Why is there no Iraqi free press?

The U.S. government and the newly elected Iraqi government are training tens of thousands of armed security forces in Iraq. Why are not scores of Iraqi journalists and media persons being trained and sent about the country to report live on Iraq as it is today?

Surely, the locals would allow Iraqi journalists in plainly marked press vehicles to venture into Sadr City and Fallujah in order to report on life in Iraq under the current situation. Surely, insurgents would avoid attacking journalists who could document the wretched conditions in the country that have provoked the insurgency.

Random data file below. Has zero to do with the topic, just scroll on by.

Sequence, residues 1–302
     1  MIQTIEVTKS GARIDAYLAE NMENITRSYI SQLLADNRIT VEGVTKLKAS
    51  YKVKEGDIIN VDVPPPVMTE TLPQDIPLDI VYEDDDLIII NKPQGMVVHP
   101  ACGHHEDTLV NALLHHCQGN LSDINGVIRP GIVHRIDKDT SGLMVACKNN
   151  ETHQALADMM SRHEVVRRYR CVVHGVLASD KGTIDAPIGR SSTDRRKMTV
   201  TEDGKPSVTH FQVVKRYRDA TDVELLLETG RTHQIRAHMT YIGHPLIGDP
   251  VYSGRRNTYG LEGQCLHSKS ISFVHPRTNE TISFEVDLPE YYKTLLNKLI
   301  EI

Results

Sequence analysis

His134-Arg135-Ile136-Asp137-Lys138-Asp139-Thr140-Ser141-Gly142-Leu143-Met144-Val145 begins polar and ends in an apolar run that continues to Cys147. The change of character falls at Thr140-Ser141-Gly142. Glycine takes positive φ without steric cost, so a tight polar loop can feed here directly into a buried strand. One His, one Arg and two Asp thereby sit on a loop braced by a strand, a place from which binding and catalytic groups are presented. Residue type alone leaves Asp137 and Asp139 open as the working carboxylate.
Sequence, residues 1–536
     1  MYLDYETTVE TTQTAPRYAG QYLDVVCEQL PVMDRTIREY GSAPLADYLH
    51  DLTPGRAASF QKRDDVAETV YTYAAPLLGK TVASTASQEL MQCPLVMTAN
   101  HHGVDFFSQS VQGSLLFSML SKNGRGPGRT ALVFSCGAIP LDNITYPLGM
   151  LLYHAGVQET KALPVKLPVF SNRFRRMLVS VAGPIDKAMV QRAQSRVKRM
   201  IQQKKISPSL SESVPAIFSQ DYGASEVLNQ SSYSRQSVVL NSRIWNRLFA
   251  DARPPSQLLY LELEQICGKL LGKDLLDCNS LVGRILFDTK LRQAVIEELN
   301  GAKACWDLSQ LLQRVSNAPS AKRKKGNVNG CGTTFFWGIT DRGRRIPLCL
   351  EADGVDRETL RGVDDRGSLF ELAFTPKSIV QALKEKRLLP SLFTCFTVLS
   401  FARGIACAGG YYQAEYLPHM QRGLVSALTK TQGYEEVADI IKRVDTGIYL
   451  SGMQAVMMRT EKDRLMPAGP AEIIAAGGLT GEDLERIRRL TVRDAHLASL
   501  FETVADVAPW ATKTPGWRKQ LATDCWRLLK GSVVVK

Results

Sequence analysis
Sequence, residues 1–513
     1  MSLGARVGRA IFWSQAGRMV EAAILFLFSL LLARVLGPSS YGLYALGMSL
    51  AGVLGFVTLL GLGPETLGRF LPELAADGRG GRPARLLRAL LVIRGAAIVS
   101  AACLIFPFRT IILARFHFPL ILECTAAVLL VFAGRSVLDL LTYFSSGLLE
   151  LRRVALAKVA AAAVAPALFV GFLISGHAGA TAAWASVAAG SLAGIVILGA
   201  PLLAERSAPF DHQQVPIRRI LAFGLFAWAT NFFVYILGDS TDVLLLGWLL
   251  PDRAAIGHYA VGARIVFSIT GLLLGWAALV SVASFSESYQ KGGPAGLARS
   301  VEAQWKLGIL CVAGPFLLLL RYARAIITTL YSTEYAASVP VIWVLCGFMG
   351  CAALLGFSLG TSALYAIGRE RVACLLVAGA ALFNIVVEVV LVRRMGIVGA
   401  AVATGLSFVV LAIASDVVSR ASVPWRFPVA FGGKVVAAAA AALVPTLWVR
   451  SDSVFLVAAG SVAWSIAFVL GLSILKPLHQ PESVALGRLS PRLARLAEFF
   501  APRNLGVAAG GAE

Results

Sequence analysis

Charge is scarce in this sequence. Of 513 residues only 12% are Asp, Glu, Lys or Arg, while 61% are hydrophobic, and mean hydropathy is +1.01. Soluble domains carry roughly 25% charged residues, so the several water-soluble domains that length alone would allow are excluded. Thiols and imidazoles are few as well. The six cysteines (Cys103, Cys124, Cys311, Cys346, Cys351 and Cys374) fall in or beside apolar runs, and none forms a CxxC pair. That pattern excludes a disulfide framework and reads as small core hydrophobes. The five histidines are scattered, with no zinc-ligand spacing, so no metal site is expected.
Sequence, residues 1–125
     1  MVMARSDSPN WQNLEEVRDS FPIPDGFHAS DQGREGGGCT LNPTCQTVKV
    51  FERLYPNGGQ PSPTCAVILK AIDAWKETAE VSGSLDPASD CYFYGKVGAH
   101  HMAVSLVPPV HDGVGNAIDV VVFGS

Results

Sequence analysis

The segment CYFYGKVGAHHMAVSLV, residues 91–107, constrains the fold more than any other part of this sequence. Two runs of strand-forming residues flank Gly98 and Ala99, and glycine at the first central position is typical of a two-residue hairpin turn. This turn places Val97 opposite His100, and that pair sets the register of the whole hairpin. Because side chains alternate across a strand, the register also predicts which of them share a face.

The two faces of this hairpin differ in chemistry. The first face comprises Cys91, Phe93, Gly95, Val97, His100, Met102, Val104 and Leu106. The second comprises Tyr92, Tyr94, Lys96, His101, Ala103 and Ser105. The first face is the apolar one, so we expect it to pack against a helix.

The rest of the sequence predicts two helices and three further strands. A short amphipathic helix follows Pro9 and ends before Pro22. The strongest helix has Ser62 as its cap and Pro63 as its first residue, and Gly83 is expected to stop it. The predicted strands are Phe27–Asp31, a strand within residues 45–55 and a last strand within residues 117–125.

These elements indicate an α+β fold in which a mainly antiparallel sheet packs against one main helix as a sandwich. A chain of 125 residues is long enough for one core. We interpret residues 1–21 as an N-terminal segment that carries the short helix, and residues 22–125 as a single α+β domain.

It would be very interesting to see a city of Fallujah right now. Interviews with citizens of Fallujah, with medical personnel, with survivors and orphans and widows and widowers would help the world to understand the "liberation" of Fallujah from the local point of view.

If media could film checkpoints and behaviors of American troops and document the fears and aspirations of the Iraqi people, perhaps we could understand the situation there better than by receiving canned reports from hotel-bound journalists who often do not even speak Arabic.

A free Iraq deserves a free media. A free media in Iraq should not be controlled by the military of Iraq or America. It should not be responsible to political hacks. A free media in Iraq should be there to show the world what the Iraqi people see and experiences on a daily basis.